They are different, but oh so complimentary. Ying and yang is a thing, and Goose and Maverick are a great example of it. One shows off while the other keeps the coast clear. One crosses boundaries while the other pushes back when entering the danger zone. Business is similar. If you ever read Strengthfinders, a core point is that to get things done in corporate, you should always join forces with people that have different but symbiotic skills. The point is that when people do what they love and team up with the people that do what they hate, good things happen. Everyone produces at their peak and no one goes home bitter or burnt out. Risk is reduced and profits prove it. This is why we do what we do.
You have better things to worry about than your retail technology; we take it on so that you can focus on them.
It always comes back to trust. After Maverick (once again) tries to pull off a risky stunt during a training exercise, Goose lets him have it, telling him the showing off has to stop because it’s risking both of their careers–and maybe even the ability to even graduate from TOPGUN. As the calm but insistent request hits Maverick, he tells Goose, “You’re my family. I won’t let you down.” You know it’s true, because Maverick would never want to do anything to jeopardize Goose’s well-being. He needs him to ‘hit the objective’ (just like a c-level retail business operator has to meet theirs) but without trusting Goose to navigate the course, he can only get so far. He needs a navigator that’s experienced, battle tested and brimming with great instincts, and he has to trust him without question. Which is exactly the role we serve with our clients when we help them make their technology (or plane) accomplish their many missions and land safely.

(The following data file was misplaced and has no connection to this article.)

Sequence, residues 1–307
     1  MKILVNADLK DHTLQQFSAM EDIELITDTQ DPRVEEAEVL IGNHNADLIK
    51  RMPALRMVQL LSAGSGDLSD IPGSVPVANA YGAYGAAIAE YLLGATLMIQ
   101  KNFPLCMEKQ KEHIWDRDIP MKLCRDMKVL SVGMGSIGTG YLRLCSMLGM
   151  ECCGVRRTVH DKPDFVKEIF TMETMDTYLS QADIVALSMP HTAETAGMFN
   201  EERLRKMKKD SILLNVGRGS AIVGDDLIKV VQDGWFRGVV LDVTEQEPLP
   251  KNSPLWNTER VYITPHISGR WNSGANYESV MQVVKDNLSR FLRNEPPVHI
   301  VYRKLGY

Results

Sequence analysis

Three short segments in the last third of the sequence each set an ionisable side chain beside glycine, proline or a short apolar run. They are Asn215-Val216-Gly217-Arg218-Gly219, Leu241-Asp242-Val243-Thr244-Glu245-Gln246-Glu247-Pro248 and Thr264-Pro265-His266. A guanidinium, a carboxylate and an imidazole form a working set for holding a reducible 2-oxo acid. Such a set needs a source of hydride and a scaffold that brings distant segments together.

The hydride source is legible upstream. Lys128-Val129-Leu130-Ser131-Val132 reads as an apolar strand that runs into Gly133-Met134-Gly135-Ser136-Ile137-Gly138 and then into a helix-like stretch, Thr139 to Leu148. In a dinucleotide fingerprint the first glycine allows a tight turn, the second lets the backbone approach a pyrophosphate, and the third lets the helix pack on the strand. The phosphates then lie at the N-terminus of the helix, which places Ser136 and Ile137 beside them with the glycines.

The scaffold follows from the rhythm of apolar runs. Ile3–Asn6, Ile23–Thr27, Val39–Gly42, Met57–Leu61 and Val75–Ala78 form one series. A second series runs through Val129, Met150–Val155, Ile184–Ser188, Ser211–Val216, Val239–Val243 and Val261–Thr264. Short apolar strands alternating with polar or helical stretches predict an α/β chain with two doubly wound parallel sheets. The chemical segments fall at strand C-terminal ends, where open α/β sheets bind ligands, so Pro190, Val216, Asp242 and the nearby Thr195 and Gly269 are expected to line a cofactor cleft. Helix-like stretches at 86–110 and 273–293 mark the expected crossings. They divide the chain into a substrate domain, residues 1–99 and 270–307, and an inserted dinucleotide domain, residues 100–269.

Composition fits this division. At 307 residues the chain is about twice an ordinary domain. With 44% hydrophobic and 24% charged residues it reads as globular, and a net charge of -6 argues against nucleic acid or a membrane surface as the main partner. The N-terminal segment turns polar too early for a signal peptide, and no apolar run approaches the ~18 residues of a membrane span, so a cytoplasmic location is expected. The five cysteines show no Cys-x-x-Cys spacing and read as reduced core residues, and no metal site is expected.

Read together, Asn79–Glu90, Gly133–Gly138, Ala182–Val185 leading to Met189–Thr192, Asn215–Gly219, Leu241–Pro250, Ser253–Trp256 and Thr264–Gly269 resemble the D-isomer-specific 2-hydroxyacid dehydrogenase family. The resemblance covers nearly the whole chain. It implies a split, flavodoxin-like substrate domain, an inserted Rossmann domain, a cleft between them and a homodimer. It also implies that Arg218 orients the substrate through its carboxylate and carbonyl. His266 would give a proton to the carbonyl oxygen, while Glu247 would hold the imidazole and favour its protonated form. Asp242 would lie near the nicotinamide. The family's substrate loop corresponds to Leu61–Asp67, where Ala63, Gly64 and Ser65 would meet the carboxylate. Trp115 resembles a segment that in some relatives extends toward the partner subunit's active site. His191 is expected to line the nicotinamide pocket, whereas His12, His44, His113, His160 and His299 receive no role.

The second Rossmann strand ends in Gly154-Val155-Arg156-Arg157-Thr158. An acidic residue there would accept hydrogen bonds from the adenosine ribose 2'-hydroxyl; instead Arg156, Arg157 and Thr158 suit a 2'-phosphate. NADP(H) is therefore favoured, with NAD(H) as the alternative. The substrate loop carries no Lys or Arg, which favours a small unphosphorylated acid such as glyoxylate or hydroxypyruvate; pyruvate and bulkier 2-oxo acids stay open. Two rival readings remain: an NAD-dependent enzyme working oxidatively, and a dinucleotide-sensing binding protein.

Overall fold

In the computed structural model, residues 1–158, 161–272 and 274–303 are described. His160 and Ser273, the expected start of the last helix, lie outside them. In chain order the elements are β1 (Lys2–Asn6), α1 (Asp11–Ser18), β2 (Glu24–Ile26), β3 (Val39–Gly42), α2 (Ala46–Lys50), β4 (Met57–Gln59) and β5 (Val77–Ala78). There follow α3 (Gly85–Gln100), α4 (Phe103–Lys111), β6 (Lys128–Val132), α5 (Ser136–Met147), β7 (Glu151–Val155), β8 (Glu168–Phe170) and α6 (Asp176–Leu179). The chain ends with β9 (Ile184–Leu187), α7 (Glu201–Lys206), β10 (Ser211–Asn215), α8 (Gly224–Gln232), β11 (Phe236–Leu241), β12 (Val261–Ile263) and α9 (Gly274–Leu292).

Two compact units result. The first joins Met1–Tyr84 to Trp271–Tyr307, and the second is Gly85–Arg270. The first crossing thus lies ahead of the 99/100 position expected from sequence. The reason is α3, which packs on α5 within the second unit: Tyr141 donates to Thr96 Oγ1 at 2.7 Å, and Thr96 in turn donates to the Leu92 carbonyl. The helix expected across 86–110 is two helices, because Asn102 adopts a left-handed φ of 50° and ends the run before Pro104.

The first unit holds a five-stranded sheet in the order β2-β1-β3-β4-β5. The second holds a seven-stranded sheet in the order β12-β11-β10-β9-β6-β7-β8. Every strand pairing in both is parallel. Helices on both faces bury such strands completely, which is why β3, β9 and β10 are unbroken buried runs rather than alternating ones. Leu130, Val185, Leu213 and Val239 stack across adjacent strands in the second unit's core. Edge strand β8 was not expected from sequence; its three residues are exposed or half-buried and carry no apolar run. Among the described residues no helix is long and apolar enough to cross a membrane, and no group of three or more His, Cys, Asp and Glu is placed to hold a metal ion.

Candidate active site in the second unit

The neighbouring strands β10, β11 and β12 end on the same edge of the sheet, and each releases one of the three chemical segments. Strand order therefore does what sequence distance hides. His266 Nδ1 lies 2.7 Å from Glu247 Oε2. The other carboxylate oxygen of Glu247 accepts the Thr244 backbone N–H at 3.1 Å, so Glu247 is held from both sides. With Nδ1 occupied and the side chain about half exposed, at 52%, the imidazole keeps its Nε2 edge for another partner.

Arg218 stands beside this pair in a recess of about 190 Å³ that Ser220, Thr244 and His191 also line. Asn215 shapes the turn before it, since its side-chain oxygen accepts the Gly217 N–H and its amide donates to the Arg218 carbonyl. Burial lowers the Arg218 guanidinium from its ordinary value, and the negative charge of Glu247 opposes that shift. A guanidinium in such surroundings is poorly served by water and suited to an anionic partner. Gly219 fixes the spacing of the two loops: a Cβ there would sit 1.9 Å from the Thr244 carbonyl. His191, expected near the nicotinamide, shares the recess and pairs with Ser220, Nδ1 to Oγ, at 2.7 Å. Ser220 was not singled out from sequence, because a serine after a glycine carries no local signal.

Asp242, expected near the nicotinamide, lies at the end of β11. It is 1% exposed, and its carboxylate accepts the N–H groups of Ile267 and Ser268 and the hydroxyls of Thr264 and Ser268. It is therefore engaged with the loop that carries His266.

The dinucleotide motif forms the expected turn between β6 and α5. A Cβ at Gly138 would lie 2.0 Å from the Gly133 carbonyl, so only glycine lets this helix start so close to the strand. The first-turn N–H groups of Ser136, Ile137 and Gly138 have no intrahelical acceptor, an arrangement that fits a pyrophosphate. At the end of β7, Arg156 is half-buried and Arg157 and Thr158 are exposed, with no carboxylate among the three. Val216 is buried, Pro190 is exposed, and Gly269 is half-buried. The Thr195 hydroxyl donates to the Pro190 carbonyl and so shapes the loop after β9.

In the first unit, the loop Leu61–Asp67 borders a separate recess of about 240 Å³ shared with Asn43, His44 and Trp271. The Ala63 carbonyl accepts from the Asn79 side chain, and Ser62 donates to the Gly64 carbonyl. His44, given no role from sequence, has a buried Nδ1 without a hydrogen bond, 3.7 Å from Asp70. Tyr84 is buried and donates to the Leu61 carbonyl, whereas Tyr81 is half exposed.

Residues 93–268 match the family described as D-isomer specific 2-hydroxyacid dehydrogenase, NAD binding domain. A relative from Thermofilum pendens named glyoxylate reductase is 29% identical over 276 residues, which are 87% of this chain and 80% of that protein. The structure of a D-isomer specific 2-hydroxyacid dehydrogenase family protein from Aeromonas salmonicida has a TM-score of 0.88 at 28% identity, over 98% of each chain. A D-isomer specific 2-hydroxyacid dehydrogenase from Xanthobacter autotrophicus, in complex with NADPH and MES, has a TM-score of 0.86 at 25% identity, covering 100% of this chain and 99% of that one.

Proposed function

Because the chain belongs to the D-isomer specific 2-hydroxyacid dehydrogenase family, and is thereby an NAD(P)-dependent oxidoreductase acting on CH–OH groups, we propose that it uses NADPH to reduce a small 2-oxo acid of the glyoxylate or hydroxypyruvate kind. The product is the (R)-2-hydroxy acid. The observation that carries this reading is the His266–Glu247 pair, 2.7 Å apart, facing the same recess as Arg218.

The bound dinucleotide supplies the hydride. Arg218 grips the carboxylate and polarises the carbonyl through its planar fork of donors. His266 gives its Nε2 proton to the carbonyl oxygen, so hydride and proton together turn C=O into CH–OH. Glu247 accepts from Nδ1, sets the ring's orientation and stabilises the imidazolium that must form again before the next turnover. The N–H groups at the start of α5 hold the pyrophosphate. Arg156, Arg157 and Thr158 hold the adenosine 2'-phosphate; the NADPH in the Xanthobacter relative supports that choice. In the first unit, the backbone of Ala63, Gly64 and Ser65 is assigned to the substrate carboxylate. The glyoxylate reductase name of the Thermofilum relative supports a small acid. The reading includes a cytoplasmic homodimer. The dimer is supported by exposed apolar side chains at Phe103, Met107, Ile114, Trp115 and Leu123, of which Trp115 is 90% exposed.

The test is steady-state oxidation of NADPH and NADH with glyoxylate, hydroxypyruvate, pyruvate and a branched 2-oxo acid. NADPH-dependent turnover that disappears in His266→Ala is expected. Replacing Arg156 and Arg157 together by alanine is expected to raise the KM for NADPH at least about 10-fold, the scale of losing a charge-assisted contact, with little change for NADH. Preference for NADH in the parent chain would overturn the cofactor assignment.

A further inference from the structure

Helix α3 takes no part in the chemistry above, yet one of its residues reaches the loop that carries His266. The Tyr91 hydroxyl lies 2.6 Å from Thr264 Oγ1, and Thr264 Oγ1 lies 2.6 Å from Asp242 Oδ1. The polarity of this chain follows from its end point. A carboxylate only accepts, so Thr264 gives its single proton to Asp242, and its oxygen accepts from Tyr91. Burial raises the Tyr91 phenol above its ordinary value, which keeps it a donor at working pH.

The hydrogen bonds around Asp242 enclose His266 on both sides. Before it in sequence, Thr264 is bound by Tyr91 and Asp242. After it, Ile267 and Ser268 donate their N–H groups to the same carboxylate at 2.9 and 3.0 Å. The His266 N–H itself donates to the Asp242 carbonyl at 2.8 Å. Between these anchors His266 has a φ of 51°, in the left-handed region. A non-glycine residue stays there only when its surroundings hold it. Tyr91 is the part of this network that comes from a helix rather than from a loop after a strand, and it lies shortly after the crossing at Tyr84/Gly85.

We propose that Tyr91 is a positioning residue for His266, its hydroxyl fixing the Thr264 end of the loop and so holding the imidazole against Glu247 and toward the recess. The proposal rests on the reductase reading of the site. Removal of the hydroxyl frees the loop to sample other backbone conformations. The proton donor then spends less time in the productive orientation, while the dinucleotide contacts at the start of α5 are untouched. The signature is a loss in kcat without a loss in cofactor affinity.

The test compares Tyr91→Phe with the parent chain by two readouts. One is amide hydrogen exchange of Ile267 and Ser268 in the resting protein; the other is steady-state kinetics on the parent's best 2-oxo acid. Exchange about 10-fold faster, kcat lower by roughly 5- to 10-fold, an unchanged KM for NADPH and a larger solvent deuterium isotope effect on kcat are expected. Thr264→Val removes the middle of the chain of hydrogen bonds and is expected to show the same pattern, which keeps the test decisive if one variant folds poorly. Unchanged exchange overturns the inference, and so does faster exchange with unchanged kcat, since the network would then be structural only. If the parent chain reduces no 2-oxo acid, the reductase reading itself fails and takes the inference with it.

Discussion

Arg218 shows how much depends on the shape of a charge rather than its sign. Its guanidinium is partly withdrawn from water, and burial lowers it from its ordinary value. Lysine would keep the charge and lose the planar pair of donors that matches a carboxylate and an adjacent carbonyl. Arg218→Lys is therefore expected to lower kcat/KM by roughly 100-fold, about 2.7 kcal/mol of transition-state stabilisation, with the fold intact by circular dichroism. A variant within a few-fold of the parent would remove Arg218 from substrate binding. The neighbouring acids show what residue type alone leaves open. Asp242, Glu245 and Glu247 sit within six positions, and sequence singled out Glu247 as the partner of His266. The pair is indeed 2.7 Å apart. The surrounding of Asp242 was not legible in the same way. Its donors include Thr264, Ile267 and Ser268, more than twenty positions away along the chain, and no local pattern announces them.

Goose didn’t need to be the hero, and neither do we. We just need to be the best Goose you can get to navigate the bumps, challenges, and victories ahead when it comes to your retail tech.
Time for a Wingman?